Understanding work Burnout

By Joe Busuttil

Burnout is a syndrome which occurs due to prolonged emotional strain of dealing extensively with other human beings, particularly in helper and recipient relationships. Burnout is categorised as a type of stress.  Unlike normal workplace stress which predominately affects individuals physically, burnout affects individuals emotionally. 

The term burnout was introduced in the 1970’s, and although the word is widely known, the impact of burnout is often misunderstood.  Burnout can be a complex and disabling condition, far more serious than feeling tired after a long week at work.  Although any profession at any level can be affected by burnout, there is an increased need for individuals working in the corporate fields to fully understand the symptoms of burnout, and more importantly, adopt preventative measures.

Over the years the definition of burnout has changed and expanded to include a number of key components.  Below is a summary of a number of different perspectives of burnout:

  1. A disease of over commitment:  This suggests that burnout is the state of emotional exhaustion related to overload.
  2. Changes in motivation: A psychological withdrawal from work in response to excessive stress or dissatisfaction.
  3. Alienation:  The extent to which a worker has become separated or withdrawn from the original meaning or purpose of work.

Other definitions also include attitude and behavioural changes in response to workplace demands and a tendency to treat clients in a detached, mechanical fashion.

These descriptions are all valid when describing burnout, and regardless of the preferred definition, burnout affects the individual emotionally, impacting on both the quality and satisfaction of their work.

The characteristics of burnout do not just happen.  Burnout develops gradually with small warning signs such as feelings of frustration, not wanting to go to work, withdrawal, emotional outbursts and general feelings of dissatisfaction in daily work activities. This occurs from ongoing stressful job demands over a long period of time, rather than a small number of acute or crisis situations.

The impact of these feelings can be devastating for the following reasons:

  1. For many individuals, their role of employment provides them a sense of identity and meaning.  Individuals invest time and effort towards creating their career of choice.  When burnout occurs individuals start questioning their personal and professional beliefs.  Now that they have obtained their goal, was it really what they wanted?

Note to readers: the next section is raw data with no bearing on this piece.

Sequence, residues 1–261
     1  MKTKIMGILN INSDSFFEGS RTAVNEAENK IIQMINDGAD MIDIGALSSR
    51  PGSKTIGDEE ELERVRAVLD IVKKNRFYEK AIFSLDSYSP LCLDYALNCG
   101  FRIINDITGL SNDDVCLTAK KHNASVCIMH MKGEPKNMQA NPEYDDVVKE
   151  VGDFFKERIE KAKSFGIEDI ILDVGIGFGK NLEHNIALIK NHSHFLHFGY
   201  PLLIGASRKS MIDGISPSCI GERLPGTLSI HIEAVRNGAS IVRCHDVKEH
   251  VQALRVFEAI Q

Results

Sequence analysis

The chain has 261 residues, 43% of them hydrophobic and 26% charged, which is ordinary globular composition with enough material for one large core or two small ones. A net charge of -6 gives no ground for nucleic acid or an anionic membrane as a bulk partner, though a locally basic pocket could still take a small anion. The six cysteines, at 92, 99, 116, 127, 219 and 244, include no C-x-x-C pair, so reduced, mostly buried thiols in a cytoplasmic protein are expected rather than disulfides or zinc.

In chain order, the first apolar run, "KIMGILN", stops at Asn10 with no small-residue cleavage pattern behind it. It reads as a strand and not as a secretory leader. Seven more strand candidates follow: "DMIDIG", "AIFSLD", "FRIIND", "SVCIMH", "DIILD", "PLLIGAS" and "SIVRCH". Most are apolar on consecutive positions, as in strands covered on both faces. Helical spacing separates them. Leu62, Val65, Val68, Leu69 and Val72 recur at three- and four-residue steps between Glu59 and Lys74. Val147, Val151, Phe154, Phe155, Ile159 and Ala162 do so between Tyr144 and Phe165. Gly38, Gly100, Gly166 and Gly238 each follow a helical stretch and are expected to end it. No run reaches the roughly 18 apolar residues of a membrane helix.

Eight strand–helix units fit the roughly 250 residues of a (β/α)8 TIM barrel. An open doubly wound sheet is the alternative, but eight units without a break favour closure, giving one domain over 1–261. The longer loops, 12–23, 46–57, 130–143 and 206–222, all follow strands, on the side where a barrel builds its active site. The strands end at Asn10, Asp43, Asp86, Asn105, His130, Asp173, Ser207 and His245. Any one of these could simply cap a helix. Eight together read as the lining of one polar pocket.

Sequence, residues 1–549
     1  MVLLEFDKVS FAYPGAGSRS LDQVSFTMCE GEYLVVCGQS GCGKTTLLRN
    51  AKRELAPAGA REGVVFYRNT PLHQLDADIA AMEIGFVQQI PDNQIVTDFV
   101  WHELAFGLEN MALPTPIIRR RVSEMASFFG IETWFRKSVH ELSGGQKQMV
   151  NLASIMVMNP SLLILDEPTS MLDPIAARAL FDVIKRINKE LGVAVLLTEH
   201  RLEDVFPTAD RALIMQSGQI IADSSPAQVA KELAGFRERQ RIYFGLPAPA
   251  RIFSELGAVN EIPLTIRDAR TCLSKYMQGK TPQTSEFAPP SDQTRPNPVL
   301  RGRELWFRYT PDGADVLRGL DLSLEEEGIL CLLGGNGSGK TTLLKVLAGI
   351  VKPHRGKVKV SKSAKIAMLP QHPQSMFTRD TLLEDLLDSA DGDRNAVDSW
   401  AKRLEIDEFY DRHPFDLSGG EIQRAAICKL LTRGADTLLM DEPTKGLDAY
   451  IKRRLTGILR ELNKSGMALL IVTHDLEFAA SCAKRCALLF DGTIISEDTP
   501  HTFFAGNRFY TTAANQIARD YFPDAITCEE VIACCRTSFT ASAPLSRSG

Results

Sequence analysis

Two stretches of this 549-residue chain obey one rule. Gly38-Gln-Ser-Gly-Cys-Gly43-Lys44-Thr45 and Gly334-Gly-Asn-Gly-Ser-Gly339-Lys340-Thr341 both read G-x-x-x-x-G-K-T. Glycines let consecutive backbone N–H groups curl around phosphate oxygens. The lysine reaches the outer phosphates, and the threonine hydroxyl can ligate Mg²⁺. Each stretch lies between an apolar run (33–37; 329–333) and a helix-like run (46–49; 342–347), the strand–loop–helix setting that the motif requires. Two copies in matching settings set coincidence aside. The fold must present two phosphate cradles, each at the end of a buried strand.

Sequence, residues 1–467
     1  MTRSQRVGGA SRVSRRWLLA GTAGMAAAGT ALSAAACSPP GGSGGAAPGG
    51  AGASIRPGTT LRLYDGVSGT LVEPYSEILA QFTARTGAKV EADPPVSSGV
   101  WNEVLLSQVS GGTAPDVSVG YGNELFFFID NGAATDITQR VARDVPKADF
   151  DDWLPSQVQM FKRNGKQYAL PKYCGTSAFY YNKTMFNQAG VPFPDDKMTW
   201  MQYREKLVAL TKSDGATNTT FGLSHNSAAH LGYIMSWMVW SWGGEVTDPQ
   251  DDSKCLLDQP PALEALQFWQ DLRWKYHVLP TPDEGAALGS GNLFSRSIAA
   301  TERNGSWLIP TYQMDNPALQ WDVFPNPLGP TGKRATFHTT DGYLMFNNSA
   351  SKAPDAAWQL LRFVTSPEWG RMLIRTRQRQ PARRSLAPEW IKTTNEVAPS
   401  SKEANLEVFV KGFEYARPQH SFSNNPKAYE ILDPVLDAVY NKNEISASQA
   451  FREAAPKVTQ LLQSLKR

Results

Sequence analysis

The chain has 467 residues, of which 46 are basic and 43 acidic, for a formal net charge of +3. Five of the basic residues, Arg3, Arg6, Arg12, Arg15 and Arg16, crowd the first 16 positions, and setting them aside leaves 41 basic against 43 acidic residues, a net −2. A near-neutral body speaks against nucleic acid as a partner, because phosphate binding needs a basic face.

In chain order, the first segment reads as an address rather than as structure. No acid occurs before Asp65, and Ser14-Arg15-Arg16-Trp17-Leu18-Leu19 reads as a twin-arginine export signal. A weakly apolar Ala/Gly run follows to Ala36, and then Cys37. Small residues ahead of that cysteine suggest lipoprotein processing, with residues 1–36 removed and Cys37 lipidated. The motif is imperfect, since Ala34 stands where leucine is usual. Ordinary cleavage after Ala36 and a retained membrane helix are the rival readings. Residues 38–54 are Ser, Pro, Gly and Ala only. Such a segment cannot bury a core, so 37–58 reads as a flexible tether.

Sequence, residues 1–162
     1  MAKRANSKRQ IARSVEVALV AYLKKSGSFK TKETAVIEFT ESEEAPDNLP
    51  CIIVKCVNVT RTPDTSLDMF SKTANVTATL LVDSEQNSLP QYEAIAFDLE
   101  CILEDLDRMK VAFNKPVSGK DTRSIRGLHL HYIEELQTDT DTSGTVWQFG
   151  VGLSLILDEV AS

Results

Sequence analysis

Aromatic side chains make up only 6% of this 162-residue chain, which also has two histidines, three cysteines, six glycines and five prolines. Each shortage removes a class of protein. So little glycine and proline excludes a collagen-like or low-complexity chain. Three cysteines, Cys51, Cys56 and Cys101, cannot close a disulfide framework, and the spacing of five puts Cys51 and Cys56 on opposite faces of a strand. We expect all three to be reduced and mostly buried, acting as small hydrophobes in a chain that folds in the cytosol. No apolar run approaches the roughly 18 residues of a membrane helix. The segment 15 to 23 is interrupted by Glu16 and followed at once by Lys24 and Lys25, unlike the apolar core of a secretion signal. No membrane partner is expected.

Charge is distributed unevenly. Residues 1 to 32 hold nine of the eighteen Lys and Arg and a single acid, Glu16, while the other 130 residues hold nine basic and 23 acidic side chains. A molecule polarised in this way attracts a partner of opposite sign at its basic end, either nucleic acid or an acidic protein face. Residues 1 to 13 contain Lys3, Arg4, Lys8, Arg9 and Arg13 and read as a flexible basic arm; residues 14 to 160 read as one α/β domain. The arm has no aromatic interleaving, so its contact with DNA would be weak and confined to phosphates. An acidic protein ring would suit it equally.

2. Individuals may find themselves acting in ways in which they never thought they would, particularly towards their clients, and sometimes in a ways in which they dislike and have no control over.                  

Although exhaustion plays a large factor in these circumstances, the real long term damage of burnout is caused by the disillusionment.  This has the potential to send individuals into a complete spin.

Symptoms Of Burnout

Previously we have discussed the characteristics of burnout.   Below is a list of physical, emotional and behavioural symptoms of burnout.

Signs and symptoms of Job Stress and Worker Burnout in Corporate roles:

  1. High resistance to going to work everyday
  2. A sense of failure
  3. Anger and resentment
  4. Guilt and blame
  5. Discouragement and indifference
  6. Negativism
  7. Isolation and withdrawal
  8. Feeling tired and exhausted all day
  9. Frequent clock watching
  10. Great fatigue after work
  11. Loss of positive feelings towards clients
  12. Postponing client contracts, resisting client phone calls and office visits
  13. Stereotyping clients
  14. Inability to concentrate on or listen to what client is saying
  15. Feeling immobilised
  16. Cynicism regarding clients; a blaming attitude
  17. Increasingly ‘going by the book’
  18. Sleep disorders
  19. Avoiding discussion of work with colleagues
  20. Self-preoccupation
  21. More approving of behaviour-control measures such as tranquilizers
  22. Frequent colds and flus
  23. Frequent headaches and gastrointestinal disturbances
  24. Rigidity in thinking and resistance to change
  25. Suspicion and paranoia
  26. Excessive use of drugs
  27. Marital and family conflict
  28. High absenteeism

Due to the long-term development of burnout, individuals often find that it is difficult to identify their own symptoms or attempt to rationalise them. Co-workers or friends often notice the changes before the individual does. 

Contributors To Burnout

There are predictors to assist individuals to identify if they are more at risk of burnout than others.  These include both personal and organisational contributors.  The following should be taken as a guide only. 

Personal Contributors

In general, men and women have the same potential to burnout, as do all levels within professions.  Studies indicate that the following personal factors can place an individual at a higher risk of burnout. 

Age:  

Burnout is considered to affect individuals earlier in their career.  People under the age of 40 are most at risk. 

Marital Status: 

Married workers or those in a defacto relationship tend to have the emotional support of their spouse and are less likely to suffer from burnout.  Those who are single or divorced have a higher risk.

Work behaviour: 

Individuals who are dedicated and committed to their role, work overtime, take home work or work at the office on weekends have a higher risk of developing burnout.

Personality:  

Individuals who score highly on neuroticism as a personality factor (such as the Big Five personality indicator) are more inclined to suffer burnout.  So to are people who are introverts, as they are less likely to discuss with co-workers the stress they are facing in the workplace.

Organisational Contributors

Overload: 

The overall amount of effort required on a daily basis may be too much.  There may be too much information to absorb and too many demands being made.

Lack of control: 

Individuals can feel reduced control over their work when there is little flexibility in the way they can perform their role.  This includes instructions from supervisors who dictate exactly what to do, when to do it and how to complete the task.  This situation can leave workers feeling frustrated and promote feelings of failure and ineffectiveness.

Co-workers:

Dealing with co-workers, supervisors and administrators can be just as stressful, if not more stressful. Tension between these groups increases the likelihood of burnout to occur.  Firstly this increases emotional stress and secondly it reduces the support network needed to prevent burnout.